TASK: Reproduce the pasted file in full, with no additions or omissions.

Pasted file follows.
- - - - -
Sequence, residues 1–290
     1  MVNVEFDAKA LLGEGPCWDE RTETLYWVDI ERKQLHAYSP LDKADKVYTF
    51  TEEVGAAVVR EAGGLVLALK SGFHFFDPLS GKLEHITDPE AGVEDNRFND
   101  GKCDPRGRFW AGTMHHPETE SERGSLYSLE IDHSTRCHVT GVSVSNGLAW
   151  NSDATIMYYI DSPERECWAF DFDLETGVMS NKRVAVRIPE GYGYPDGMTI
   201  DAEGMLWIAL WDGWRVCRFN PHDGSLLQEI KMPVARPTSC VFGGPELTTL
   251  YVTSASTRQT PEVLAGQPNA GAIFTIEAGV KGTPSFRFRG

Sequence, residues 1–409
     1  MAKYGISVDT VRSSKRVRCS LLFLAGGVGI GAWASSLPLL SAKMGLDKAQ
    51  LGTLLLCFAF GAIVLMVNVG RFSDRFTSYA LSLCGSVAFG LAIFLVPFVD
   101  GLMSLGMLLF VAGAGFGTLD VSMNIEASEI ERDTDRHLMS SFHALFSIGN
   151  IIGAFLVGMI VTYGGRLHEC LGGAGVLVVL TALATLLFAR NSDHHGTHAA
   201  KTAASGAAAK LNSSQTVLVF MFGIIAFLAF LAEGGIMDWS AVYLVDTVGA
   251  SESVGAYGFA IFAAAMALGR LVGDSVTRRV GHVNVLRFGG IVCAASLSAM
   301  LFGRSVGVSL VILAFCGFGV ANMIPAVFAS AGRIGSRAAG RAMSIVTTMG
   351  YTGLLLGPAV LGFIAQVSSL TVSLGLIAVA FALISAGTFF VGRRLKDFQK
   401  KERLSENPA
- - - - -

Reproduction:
Sequence, residues 1–290
     1  MVNVEFDAKA LLGEGPCWDE RTETLYWVDI ERKQLHAYSP LDKADKVYTF
    51  TEEVGAAVVR EAGGLVLALK SGFHFFDPLS GKLEHITDPE AGVEDNRFND
   101  GKCDPRGRFW AGTMHHPETE SERGSLYSLE IDHSTRCHVT GVSVSNGLAW
   151  NSDATIMYYI DSPERECWAF DFDLETGVMS NKRVAVRIPE GYGYPDGMTI
   201  DAEGMLWIAL WDGWRVCRFN PHDGSLLQEI KMPVARPTSC VFGGPELTTL
   251  YVTSASTRQT PEVLAGQPNA GAIFTIEAGV KGTPSFRFRG

Sequence, residues 1–409
     1  MAKYGISVDT VRSSKRVRCS LLFLAGGVGI GAWASSLPLL SAKMGLDKAQ
    51  LGTLLLCFAF GAIVLMVNVG RFSDRFTSYA LSLCGSVAFG LAIFLVPFVD
   101  GLMSLGMLLF VAGAGFGTLD VSMNIEASEI ERDTDRHLMS SFHALFSIGN
   151  IIGAFLVGMI VTYGGRLHEC LGGAGVLVVL TALATLLFAR NSDHHGTHAA
   201  KTAASGAAAK LNSSQTVLVF MFGIIAFLAF LAEGGIMDWS AVYLVDTVGA
   251  SESVGAYGFA IFAAAMALGR LVGDSVTRRV GHVNVLRFGG IVCAASLSAM
   301  LFGRSVGVSL VILAFCGFGV ANMIPAVFAS AGRIGSRAAG RAMSIVTTMG
   351  YTGLLLGPAV LGFIAQVSSL TVSLGLIAVA FALISAGTFF VGRRLKDFQK
   401  KERLSENPA